I, personally, find it exhausting to read a report on Twitter, and then have to seek out verification on another, more accurate site. However, I am used to hearing multiple reports, full of “witness accounts” and hearsay and accepting it as fact.. .until they tell me otherwise. I believe when news organizations are live tweeting events and happenings, the ethical thing to do is to delete the inaccurate information previously posted. By deleting the posts, they aren’t necessarily trying to cover their tracks, but more so trying to eliminate confusion to readers who are late to the conversation and latest updates.

Even citizen journalists should take caution in reporting, or re-reporting information. Perhaps by making sure people know that the information is not official, or is hearsay, or is still developing. I don’t have a personal example to relate to the issue of accuracy, but it does remind me of a current event. George Zimmerman filed suit (part of which was recently dismissed) against NBC for reporting a modified 911 call and other information during his trial involving the Trayvon Martin that portrayed him as racist. Though this was a very polarizing case, the accuracy (and inaccuracy) of the reporting during the trial was a huge contribution to increased publicity and tension.

Have you ever retweeted or posted inaccurate information? Did you later delete it or post a retraction?

Do you accept inaccuracies with a grain of salt, or do you think there should be greater regulation on sensationalism in journalism?

Responding in Moderation


Ugh, the dreaded negative feedback response.  This week, as an exercise in moderation, I am responding to two fictional Facebook posts.  While the language and approach of the posters in not exactly how I would go about things, I think as a social media manager, a tempered response in necessary and appropriate in both instances.  Effort is important, and occasionally, a response is all the poster is looking for (though doubtful in this case!)

Comment 1:

I am disgusted about the state of your store on 1467 Justin Kings Way. The counter was smeared in what looked like grease and the tables were full of trash and remains of meals. It makes me wonder what the state of your kitchen is?!!! Gross.”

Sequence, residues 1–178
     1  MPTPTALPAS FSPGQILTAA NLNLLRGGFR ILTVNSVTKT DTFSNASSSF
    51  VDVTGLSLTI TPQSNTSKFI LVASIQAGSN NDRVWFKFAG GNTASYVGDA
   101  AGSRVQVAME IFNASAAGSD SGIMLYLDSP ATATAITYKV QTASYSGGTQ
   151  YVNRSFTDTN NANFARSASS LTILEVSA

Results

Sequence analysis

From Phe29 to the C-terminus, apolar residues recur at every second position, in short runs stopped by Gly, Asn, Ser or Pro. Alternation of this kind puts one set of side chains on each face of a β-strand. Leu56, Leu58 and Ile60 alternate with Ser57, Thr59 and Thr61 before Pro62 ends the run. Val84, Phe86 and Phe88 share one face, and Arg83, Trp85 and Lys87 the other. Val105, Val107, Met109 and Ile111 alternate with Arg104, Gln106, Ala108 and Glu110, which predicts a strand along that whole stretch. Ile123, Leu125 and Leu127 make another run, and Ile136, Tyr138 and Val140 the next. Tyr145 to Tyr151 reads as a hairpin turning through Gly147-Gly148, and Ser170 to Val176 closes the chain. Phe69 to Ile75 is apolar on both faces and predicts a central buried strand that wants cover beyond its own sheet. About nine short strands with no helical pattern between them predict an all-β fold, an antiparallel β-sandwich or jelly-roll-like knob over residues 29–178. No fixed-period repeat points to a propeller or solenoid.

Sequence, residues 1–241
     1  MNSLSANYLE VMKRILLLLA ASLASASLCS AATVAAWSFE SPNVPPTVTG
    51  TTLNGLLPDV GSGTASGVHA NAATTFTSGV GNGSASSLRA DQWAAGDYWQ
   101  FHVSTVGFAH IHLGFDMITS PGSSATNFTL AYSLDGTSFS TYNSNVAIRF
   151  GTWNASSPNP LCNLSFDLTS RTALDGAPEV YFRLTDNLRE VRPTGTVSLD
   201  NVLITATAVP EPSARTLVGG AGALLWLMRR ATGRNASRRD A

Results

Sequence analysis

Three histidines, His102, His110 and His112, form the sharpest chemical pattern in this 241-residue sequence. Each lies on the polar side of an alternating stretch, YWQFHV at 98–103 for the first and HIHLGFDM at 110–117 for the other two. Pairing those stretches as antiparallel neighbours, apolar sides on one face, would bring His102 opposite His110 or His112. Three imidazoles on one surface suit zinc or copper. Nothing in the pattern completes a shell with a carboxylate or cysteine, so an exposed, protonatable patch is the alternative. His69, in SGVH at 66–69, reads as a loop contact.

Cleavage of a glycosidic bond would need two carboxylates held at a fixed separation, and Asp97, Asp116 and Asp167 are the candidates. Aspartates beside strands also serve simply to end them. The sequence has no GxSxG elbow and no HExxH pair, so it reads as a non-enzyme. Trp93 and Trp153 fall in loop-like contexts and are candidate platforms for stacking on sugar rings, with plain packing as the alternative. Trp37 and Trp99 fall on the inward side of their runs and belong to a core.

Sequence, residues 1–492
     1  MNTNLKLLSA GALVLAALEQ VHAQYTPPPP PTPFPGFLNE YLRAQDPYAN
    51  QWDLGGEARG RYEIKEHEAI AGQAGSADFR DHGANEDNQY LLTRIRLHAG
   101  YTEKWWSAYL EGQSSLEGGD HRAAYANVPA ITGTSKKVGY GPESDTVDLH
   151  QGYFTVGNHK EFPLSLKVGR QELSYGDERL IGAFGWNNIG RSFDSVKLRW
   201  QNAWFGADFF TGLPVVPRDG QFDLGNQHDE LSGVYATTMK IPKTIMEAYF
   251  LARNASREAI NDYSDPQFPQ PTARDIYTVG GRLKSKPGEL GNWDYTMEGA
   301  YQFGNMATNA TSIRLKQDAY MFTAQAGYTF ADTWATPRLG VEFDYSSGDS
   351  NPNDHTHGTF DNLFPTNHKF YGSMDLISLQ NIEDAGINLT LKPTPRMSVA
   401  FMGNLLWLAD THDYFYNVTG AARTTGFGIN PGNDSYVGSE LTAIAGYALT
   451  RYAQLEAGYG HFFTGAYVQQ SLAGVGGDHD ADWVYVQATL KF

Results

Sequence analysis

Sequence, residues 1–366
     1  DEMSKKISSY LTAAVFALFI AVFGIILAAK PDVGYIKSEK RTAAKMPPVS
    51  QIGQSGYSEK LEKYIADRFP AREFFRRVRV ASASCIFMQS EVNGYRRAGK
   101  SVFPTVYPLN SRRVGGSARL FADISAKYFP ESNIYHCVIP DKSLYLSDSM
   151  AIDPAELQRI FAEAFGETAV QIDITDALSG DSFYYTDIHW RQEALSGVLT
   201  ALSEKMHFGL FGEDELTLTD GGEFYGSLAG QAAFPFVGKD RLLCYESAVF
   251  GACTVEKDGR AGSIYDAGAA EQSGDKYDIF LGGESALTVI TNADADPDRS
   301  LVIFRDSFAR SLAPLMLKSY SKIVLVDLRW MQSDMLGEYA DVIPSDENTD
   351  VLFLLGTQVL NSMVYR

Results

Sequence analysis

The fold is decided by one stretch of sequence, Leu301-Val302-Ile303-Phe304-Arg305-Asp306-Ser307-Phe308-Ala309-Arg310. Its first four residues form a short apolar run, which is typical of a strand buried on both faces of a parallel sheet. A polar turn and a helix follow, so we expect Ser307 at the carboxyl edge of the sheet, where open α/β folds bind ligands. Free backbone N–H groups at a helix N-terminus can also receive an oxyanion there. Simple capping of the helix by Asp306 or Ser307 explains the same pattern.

I apologize that your experience was anything less than perfect at our Justin Kings Way store.  We pride ourselves on cleanliness, efficiency, and customer service – and the conditions you reported are simply unacceptable.  Rest assured that this is under investigation.  Please direct message me the best way to get in contact with you directly so that we can handle this matter.  Thank you for your patronage and for bringing this issue to our attention.

I hope that the customer understands that this is not how we run our stores, and that the store involved will be reprimanded.  By asking for their contact information, the opinion is valued and we have the opportunity to privately make amends for the unpleasant experience.

Comment 2:

Your reporting on the Middle East is biased in the extreme. You gave almost all your air time to spokespeople for the Israelis last night and there was no right to reply for the Palestinians. The conflict upsets me so much and your reporting of it, saddens me even more and makes me f**king furious.

XXX News provides unbiased and accurate information in all of our reports, and we stand behind our reports on the Middle East.  Though this is a controversial issue, we make every effort to represent both sides of the story.  As the story and situation continues to develop and unfold, we will continue to interview and air footage from representatives of both sides.  Please feel free to engage in healthy debate and conversation on our message boards.  However, please be aware that inappropriate language will result in a loss of posting privileges.

Directing the poster to the message board to continue the conversation helps them not feel dismissed, but removes the negative comments from the Facebook page.  I feel I stood up for the integrity of the news outlet, while offering to continue the conversation in a productive manner.  Addressing the language etiquette standards of the message board addresses the foul language without scolding the poster.